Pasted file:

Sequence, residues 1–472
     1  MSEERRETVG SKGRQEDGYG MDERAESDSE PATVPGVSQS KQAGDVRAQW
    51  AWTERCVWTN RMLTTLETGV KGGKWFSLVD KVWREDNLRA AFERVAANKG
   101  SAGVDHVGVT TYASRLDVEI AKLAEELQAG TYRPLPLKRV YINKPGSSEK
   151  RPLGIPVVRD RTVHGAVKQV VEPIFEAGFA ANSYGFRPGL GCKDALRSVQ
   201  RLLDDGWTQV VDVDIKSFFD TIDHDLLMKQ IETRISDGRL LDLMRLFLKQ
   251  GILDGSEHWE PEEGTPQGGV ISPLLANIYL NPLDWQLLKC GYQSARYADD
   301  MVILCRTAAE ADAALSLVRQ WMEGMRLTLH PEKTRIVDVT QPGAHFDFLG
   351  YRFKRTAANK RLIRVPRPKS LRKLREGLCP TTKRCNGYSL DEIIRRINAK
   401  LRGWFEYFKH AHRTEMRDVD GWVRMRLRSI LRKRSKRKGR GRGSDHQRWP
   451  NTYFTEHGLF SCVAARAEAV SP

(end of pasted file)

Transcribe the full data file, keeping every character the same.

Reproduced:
Sequence, residues 1–472
     1  MSEERRETVG SKGRQEDGYG MDERAESDSE PATVPGVSQS KQAGDVRAQW
    51  AWTERCVWTN RMLTTLETGV KGGKWFSLVD KVWREDNLRA AFERVAANKG
   101  SAGVDHVGVT TYASRLDVEI AKLAEELQAG TYRPLPLKRV YINKPGSSEK
   151  RPLGIPVVRD RTVHGAVKQV VEPIFEAGFA ANSYGFRPGL GCKDALRSVQ
   201  RLLDDGWTQV VDVDIKSFFD TIDHDLLMKQ IETRISDGRL LDLMRLFLKQ
   251  GILDGSEHWE PEEGTPQGGV ISPLLANIYL NPLDWQLLKC GYQSARYADD
   301  MVILCRTAAE ADAALSLVRQ WMEGMRLTLH PEKTRIVDVT QPGAHFDFLG
   351  YRFKRTAANK RLIRVPRPKS LRKLREGLCP TTKRCNGYSL DEIIRRINAK
   401  LRGWFEYFKH AHRTEMRDVD GWVRMRLRSI LRKRSKRKGR GRGSDHQRWP
   451  NTYFTEHGLF SCVAARAEAV SP